## Kangle Essay

Measurement of the return on a company stock is an integral part of the market evaluation of the overall performance of the company.  In the absence of dividends, stock splits, or other financial adjustments, the return on a company’s common stock is defined as the change in price during a specified period divided by the price at the start of the month.  Although an examination of monthly returns is usually concerned with monthly data, the concept also applies to information gathered for shorter or longer intervals.

Thus, if a stock’s price at the start of the month is \$50 and it increases to \$51 at the end of the month, the return is (51 – 50)/50 = 0.020, or 2.0 percent.  If it decreases from 51 to 49 the following month, the return is (49 – 51)/51 = -0.039, or –3.9 percent.  Hence, returns over a given period are essentially proportional or percentage changes in price.

Thus, if a stock’s price at the start of the month is \$50 and it increases to \$51 at the end of the month, the return is (51 – 50)/50 = 0.020, or 2.0 percent.  If it decreases from 51 to 49 the following month, the return is (49 – 51)/51 = -0.039, or –3.9 percent.  Hence, returns over a given period are essentially proportional or percentage changes in price.

Here we presents metropolitan statistical area (MSA) projections to the year 2000 of total personal income, per capital personal income, employment, and population. The MSA projections are based on data through 1988; they update the projections based on data through 1983 presented in the October 1985 SURVEY OF CURRENT BUSINESS. These new projections are consistent with the State projections that were presented in the May 1990 SURVEY. (1) The MSA projections are based on an extension of past economic relationships and assume no major policy changes; they are baseline projections. They are neither goals for, nor limits on, future economic activity in any MSA. These projections have three major uses: (1) Assessing future demand for goods and services by households, businesses, and government, (2) analyzing economic trends to anticipate future economic problems, and (3) providing baselines with which to compare policy forecasts in measuring the effects of policies.

The projections were made in four steps. In the first step, the national projections were developed. In the second step, the national projections were distributed among the States according to the historical record of each State’s share of the national totals. In the third step, projections for each State were distributed among substate areas according to the historical record of each substate area’s share of the State totals. In the fourth step, the substate-area projections were summed to arrive at projections for the MSA’s. (2)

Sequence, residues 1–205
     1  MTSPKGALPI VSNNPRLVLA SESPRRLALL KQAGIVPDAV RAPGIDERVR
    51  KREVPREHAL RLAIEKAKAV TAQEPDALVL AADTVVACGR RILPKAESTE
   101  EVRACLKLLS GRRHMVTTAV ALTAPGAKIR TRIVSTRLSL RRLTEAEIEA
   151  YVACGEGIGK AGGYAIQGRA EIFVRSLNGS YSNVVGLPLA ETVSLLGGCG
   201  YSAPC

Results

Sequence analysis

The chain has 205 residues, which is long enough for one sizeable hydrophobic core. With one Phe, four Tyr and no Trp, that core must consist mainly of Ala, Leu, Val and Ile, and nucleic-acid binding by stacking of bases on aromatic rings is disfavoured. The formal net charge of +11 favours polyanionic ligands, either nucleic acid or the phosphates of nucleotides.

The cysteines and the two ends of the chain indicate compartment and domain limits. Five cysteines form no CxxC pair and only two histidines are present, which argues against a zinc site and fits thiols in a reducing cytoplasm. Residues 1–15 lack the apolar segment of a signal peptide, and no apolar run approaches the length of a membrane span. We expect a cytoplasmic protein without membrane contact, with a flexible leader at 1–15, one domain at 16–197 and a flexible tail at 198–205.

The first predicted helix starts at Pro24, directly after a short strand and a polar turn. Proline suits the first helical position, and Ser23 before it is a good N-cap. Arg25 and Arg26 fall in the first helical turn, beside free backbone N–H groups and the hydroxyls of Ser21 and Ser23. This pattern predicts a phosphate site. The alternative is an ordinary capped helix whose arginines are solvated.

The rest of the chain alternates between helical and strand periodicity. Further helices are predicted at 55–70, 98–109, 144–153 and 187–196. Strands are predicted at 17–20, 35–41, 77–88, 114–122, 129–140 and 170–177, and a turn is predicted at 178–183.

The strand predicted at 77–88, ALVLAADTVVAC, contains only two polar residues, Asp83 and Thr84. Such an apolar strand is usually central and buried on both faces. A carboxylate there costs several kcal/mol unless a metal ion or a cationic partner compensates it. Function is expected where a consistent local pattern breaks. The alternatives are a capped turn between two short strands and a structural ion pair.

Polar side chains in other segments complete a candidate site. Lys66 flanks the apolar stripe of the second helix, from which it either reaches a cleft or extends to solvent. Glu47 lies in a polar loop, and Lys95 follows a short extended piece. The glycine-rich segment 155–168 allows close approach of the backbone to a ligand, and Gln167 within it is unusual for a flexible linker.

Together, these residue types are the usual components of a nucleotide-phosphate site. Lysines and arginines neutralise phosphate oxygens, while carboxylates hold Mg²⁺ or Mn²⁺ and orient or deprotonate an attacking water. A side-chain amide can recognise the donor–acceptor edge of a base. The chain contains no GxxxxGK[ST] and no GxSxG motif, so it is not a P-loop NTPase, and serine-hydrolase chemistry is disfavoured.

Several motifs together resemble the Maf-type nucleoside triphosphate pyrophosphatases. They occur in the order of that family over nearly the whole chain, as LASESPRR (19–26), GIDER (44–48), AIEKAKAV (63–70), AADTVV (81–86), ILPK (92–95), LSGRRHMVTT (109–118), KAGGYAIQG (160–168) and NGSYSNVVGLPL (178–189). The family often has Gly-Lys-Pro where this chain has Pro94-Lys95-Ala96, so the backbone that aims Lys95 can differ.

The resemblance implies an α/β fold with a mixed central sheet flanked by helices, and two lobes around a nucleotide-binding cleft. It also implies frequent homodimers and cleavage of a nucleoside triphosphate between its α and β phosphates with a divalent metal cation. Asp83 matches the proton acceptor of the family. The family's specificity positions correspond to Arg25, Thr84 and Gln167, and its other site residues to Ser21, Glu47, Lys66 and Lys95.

Table 1 shows projections for the 336 metropolitan areas recognized as of June 1989 by the Office of Management and Budget (OMB) for Federal statistical purposes. Most of the areas are classified simply as MSA’s. However, if an area has more than 1 million residents and meets other criteria, it is classified as a “consolidated metropolitan statistical area” (CMSA), which consists of two or more primary metropolitan statistical areas (PMSA’s).

The metropolitan areas are defined in terms of counties in all regions (except New England, where cities and towns are the primary units. In this region, OMB recognizes alternative county-based areas, which are termed “New England county metropolitan areas” (NECMA’s). Because the data to estimate economic activity for New England cities and towns are insufficient, the NECMA definitions are used in these projections.

The geographic definition of each metropolitan area is held constant for the entire historical and projected data series; that is, the counties in a metropolitan area as of June 1989 are included in that area for the earlier years, even though they may not have been officially part of the metropolitan area earlier.

The 336 metropolitan areas in table 1 consist of 249 MSA’s, 15 NECMA’s (excluding the Bridgeport-Stamford-Norwalk-Danbury, CT, NECMA), and 17 CMSA’s comprising 55 PMSA’s (including Bridgeport). (3)

Note.–BEA’s regional projections program is under the guidance and direction of Hugh W. Knox, Associate Director for Regional Economics. The MSA projections were prepared under the supervision of Kenneth P. Johnson, Chief of the Projections Branch of the Regional Economic Analysis Division, by Lyle Spatz, Duane G. Hackmann, Gerard P. Aman, George K. Downey, and John S. Turner. The projections were developed from historical estimates of earnings, income, and employment prepared by the Regional Economic Measurement Division under the direction of Linnea Hazen, Chief.

(1) Kenneth P. Johnson, R. Kort, and Howard L. Friedenberg, “Regional and State Projections of Income, Employment, and Population to the Year 2000,” SURVEY OF CURRENT BUSINESS 70 (May 1990): 33-54. This article discusses projected trends in economic activity and population for regions and States.

(2) The substate areas are defined so that their boundaries do not cross State of MSA boundaries. Additional information on projection methodology is available in the three-volume set, BEA Regional Projections to 2040; see the box on data availability for ordering information.

(3) The Bridgeport-Stamford-Norwalk-Danbury, CT, NECMA (Fairfield County) is considered a PMSA and a component of the New York-Northern New Jersey-Long Island, NY-NJ-CT, CMSA.

;